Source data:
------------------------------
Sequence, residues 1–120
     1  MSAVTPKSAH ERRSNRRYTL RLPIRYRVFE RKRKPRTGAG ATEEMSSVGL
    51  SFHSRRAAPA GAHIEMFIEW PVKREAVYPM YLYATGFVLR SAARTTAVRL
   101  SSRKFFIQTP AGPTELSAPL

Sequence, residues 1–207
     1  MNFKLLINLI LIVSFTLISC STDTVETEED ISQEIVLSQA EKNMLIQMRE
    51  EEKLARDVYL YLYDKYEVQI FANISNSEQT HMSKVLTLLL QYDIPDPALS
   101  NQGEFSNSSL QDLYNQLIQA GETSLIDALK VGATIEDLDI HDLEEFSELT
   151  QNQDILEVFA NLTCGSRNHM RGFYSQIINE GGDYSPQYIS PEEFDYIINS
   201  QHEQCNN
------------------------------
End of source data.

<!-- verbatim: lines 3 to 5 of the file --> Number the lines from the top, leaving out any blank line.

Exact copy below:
    51  SFHSRRAAPA GAHIEMFIEW PVKREAVYPM YLYATGFVLR SAARTTAVRL
   101  SSRKFFIQTP AGPTELSAPL

Sequence, residues 1–207